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Public Notices

April 17, 2014

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NRC Explains Decision To Let NFS
Re-Start A Major Production Line

Sun photo by phil gentry

Greene County resident Trudy Wallack, second from left with microphone, asked a question about discharge of highly-enriched uranium into the Nolichuckey River. Seated in front of her is NFS President David Amerine, who joined the audience for a question-and-answer session with NRC officials. Wallack's granddaughter, Isabella Ebmeyer, age 11, is to the right of Amerine in the photo. Also in the photo are Park Overall, second from right, and Ann Harris. Both asked questions.

Originally published: 2010-06-25 11:20:51
Last modified: 2010-06-25 11:21:38

Officials Questioned

At Meeting About

Enriched Uranium

Going Into Nolichucky



ERWIN -- Nuclear Regulatory Commission (NRC) officials explained publicly on Thursday evening the reasons why Nuclear Fuel Services (NFS) has been allowed to restart a key production line, which had been ordered shut down following a 2009 accident at the NFS plant.

The NRC presentation came during a meeting here that also included a lengthy -- and pointed -- question-and-answer session with interested citizens.

During the question-and-answer session, an NFS safety official acknowledged that the company is discharging highly-enriched uranium into the Nolichucky River.

But both the company and an NRC spokesman said that the amount of the uranium discharge into the river was well within legal limits.

NRC and NFS officials, seated at separate tables in front of a crowd of approximately 100 persons at Erwin Town Hall, reviewed findings of the NRC's Restart Readiness Assessment Team that led to the decision to authorize restart of the Uranium Metal/Oxide process line on May 19 at the NFS facility in Erwin.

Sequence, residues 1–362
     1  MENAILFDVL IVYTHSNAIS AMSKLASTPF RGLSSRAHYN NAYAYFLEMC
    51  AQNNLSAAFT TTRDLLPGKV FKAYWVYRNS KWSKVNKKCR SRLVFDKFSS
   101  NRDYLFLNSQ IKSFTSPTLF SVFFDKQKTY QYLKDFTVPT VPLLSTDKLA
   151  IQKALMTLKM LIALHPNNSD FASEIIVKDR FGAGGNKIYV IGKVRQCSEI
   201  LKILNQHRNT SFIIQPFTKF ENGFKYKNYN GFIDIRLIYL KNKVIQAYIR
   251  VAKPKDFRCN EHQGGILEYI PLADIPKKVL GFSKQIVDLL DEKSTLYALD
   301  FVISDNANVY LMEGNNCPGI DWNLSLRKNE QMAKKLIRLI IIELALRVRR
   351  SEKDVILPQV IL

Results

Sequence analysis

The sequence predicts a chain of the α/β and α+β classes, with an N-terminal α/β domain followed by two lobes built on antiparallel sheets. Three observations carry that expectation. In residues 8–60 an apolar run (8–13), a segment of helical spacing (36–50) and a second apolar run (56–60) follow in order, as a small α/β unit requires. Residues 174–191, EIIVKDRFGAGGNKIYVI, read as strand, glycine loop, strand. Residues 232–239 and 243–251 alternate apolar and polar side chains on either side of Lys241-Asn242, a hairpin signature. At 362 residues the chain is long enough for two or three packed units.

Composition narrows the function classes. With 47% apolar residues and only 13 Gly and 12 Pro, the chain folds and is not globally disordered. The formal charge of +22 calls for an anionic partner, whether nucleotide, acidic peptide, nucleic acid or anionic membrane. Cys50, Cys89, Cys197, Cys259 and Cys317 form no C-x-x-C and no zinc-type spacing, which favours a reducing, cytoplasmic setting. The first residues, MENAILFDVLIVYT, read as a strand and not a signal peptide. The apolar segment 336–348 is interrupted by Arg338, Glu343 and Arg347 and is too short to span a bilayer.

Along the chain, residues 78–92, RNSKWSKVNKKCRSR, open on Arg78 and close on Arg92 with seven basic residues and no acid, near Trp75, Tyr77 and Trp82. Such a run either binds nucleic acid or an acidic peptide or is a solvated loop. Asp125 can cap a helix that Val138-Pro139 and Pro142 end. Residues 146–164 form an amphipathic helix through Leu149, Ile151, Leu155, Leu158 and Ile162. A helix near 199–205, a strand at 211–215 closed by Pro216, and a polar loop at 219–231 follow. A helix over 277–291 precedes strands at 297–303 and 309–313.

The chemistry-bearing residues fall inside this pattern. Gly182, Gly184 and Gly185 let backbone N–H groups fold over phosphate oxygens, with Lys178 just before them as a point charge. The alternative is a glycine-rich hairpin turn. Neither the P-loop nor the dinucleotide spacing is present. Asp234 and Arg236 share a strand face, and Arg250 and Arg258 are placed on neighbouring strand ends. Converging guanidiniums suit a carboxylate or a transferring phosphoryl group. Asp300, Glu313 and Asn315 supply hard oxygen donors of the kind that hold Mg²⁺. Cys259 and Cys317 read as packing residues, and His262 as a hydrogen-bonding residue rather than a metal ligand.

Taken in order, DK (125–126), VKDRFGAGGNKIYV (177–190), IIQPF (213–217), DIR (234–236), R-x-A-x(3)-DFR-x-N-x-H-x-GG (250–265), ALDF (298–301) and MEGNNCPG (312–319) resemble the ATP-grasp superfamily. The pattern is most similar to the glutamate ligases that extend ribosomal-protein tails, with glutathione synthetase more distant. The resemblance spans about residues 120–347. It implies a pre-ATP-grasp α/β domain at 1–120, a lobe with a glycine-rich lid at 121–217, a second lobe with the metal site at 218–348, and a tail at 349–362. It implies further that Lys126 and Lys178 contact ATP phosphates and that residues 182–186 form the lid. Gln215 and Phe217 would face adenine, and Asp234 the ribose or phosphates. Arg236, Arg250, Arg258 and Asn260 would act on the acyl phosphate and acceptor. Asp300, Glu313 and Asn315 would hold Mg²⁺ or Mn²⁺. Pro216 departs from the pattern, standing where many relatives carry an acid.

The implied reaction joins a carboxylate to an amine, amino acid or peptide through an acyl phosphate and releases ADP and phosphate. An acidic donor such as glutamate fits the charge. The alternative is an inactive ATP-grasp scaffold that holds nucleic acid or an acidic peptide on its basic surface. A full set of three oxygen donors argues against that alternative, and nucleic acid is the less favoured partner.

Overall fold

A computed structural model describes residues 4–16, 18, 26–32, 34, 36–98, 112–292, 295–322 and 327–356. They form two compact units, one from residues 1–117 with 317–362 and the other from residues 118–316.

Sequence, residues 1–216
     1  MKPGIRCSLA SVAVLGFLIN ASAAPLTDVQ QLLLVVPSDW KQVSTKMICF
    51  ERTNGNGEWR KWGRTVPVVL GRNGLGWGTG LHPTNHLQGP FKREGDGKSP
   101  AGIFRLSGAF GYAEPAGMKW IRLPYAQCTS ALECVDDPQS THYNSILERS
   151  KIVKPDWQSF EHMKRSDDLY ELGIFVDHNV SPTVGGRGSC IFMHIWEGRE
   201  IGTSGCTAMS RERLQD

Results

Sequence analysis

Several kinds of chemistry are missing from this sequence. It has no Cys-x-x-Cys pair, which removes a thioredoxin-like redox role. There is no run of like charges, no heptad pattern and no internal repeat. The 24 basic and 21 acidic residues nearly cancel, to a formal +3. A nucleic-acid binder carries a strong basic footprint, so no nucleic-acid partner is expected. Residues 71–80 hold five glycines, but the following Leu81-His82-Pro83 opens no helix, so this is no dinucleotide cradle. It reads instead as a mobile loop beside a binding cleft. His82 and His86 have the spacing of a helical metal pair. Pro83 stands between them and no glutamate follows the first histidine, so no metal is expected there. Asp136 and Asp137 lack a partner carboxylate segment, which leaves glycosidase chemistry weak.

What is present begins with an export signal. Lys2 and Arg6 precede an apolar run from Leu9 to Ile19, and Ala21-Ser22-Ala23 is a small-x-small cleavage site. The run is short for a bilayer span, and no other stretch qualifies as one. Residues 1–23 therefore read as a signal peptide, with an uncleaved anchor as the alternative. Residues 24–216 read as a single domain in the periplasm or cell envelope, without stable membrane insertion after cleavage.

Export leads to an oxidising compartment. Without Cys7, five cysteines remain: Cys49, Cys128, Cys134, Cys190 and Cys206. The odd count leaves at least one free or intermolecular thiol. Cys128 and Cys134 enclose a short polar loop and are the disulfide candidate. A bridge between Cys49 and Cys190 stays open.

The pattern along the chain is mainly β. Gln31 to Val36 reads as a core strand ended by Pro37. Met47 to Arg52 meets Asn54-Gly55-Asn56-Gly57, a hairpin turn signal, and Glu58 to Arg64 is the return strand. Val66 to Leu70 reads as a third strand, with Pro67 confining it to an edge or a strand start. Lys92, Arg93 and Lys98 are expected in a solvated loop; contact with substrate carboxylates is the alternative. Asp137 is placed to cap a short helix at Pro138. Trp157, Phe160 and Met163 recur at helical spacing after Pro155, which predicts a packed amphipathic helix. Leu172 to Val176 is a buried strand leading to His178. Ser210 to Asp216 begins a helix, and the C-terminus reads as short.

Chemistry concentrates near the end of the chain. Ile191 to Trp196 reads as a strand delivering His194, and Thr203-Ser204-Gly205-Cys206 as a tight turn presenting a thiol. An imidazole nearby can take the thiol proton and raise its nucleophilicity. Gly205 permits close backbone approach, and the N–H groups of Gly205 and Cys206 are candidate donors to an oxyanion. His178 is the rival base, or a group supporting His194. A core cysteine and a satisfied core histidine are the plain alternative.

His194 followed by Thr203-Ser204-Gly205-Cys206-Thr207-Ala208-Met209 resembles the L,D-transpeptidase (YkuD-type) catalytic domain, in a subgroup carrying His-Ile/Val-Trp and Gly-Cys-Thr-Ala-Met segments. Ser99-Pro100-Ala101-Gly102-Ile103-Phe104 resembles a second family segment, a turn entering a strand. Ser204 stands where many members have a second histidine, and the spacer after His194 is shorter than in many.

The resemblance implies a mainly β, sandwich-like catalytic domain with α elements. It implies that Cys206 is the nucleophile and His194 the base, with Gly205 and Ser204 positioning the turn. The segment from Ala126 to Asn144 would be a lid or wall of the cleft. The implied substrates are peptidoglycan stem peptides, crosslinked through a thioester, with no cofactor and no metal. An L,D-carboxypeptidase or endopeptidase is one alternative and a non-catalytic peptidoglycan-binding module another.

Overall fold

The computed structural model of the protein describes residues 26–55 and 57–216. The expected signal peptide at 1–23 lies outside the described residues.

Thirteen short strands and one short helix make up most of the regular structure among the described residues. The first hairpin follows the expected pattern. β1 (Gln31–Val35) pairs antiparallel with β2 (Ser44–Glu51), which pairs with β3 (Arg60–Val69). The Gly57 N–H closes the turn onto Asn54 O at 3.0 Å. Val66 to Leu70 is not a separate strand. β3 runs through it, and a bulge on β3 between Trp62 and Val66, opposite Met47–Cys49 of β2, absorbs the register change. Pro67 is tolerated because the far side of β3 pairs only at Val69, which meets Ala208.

The action followed restart of the plant's Navy Fuel process line in late March.

NFS manufactures fuel for the U.S. Navy's fleet of nuclear-powered submarines and aircraft carriers and also down-blends highly-enriched uranium to a low-enriched form suitable for conversion into fuel for TVA power-generating nuclear reactors.

The NFS facility had been shut down by NRC in late December 2009 to address problems and procedures that caused an Oct. 13, 2009, incident at the facility.


NRC concluded that the corrective actions implemented by NFS were reasonable and had sufficient likelihood of being effective to support safe operation of the Uranium Metal/Oxide line upon restart, said Michael Ernstes, NRC's Chief of Branch Support.

The NFS' Uranium/Aluminum process line is scheduled to restart later this year in a similar procedure and review that will also require NRC approval.

At the start of the nearly three-hour meeting, Ernstes said the NRC inspection team had few negative observations and that none were "safety-significant," nor would they preclude a "safe startup" of the Uranium Metal/Oxide line.

The NRC inspection team found no outstanding items under corrective action, Ernstes said.

In summary, NRC reported that "NFS had satisfied all actions," said Eugene Cobey, Deputy Director of the Division of Fuel Facility Inspection for Region II of the NRC.

"NFS has demonstrated a different approach to conduct of operation than we have seen before," Cobey said.

However, Cobey then warned NFS officials seated across the room: "Do not take anything for granted. Remain vigilant, and not let your guard down. If you do, it would not be acceptable, and we will be watching."


NFS President David Amerine said he would have no questions for NRC officials and that his company would continue to take a measured approach to the restart process.

Amerine, who took over as president of NFS in early March, emphasized his support of a Safety-Conscious Work Environment (SCWE) program at the Erwin facility.

He stated that every NFS employee will attend "refresher training" in the SCWE initiative.

Amerine said he would encourage a management presence in all areas of the workplace at the Erwin facility.

In addition, Amerine said he believes strongly in communication and stresses its importance to his managers.

In an age of e-mails and text-messages, Amerine said he encourages his management team "to talk to each other, even if you have to use the telephone!"

A new NFS organizational alignment, complete with photos, will soon be posted at the Erwin facility so that employees will clearly know each manager's role, he said.

My bottom line, Amerine said, "is that safety is good business."

Cobey, of the NRC, then noted that a Nuclear Safety Review Board has been created by the NFS board of directors.

"We will look for instances of safety and accountability," said NFS vice president of operations Jim Lindstrom.